These are some pretty startling numbers. A cadet's uniform costs between $4,000 and $80,000. A dress is between $13,600 and $272,000. Quark is a very wealthy man (or else has a serious gambling problem); he wagers half a million dollars on a fight and keeps tens of millions in cash under his bed for emergencies.

I would say that these prices are pretty inconsistent. Note that this observation does not depend on my dollar conversion choices; just look at the "Slips" column and observe that pajamas cost 300 days of wages in the food service industry. Maybe the post-scarcity economy leads to strange preferences and relative prices. Or maybe the writers didn't think very hard about latinum mentions.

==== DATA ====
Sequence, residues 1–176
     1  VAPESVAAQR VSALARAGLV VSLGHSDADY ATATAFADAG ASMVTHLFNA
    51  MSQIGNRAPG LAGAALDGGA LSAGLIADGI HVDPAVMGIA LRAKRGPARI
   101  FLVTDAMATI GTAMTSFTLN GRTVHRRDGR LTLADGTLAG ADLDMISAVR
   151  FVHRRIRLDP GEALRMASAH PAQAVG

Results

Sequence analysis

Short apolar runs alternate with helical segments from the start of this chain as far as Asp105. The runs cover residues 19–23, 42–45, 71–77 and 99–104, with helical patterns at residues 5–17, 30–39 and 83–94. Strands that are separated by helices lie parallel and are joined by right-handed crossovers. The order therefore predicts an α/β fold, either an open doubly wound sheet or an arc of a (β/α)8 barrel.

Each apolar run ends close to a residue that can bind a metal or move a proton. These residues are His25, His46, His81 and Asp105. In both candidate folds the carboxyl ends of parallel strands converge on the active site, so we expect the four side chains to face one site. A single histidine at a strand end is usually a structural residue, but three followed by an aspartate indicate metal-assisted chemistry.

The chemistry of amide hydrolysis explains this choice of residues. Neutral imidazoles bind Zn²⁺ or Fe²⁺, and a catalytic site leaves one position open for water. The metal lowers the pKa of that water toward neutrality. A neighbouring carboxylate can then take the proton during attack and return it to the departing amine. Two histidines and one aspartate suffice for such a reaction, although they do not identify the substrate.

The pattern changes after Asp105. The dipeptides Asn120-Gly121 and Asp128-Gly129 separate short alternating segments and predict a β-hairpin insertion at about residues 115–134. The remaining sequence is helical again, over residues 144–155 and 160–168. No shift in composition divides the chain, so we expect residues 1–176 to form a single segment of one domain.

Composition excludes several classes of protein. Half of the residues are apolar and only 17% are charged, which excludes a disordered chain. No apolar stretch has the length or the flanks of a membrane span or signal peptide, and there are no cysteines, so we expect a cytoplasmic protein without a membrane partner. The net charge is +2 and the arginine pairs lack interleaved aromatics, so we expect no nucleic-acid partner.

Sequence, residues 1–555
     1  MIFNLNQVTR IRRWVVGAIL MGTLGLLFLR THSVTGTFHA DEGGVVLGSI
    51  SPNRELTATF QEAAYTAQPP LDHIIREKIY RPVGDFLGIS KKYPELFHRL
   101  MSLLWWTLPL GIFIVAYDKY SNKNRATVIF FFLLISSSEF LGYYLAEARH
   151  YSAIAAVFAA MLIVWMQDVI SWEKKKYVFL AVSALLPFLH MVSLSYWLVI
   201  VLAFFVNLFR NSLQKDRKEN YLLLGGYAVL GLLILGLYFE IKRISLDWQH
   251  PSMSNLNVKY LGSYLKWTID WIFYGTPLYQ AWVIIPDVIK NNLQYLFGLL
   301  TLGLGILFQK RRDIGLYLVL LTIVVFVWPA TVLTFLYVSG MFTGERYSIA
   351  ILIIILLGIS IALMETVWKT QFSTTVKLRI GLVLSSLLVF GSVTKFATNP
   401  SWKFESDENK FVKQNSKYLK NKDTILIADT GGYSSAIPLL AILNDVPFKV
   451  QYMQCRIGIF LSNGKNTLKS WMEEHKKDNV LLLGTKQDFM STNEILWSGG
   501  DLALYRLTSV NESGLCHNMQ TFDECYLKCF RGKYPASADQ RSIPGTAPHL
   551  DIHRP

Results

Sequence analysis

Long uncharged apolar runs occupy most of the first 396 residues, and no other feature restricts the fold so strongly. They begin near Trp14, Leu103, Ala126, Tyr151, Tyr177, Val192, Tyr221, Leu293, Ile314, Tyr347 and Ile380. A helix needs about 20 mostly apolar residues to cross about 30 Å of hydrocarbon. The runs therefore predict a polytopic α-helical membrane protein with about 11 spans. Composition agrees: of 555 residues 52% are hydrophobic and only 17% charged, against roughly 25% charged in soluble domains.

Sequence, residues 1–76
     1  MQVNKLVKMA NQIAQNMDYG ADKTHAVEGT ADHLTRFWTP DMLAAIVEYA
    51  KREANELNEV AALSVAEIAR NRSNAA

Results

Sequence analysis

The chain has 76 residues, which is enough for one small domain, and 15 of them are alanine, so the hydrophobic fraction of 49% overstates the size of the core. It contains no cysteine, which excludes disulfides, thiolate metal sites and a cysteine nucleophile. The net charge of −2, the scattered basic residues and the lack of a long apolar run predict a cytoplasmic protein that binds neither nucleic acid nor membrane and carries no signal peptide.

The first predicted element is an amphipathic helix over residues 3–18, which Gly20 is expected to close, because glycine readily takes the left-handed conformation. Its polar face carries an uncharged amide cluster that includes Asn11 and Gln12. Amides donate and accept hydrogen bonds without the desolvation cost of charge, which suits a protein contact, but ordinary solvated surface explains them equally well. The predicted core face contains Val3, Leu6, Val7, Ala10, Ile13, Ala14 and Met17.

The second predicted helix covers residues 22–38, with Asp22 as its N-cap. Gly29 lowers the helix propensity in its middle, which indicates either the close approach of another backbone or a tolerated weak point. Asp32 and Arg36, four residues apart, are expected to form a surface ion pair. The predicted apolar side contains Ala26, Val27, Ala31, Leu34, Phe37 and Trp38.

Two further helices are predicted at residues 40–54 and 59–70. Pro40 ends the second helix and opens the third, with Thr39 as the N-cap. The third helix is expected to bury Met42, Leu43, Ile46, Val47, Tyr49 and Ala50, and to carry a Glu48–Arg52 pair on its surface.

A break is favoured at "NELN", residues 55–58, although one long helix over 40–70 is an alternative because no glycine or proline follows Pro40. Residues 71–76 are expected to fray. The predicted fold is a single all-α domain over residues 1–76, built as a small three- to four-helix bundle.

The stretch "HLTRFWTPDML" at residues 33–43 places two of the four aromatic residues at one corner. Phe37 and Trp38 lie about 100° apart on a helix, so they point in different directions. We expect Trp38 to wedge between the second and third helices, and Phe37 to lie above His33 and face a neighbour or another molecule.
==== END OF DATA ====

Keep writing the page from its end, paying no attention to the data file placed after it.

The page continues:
It almost makes Star Trek seem unrealistic!

Monday, May 13, 2013

Employment services and misclassification

Lately there has been some talk about temporary help services (see here and here). This industry, and the industry of employment services more generally, is interesting not only for its potential business cycle implications but also for its economic measurement implications.

In Census and BLS data, "employment services" is an industry category (4-digit NAICS 5613) that includes job placement services, temp agencies, and other services that allow businesses to outsource HR and other tasks. We have seen some interesting activity in employment services during the last 20 years (click for larger image):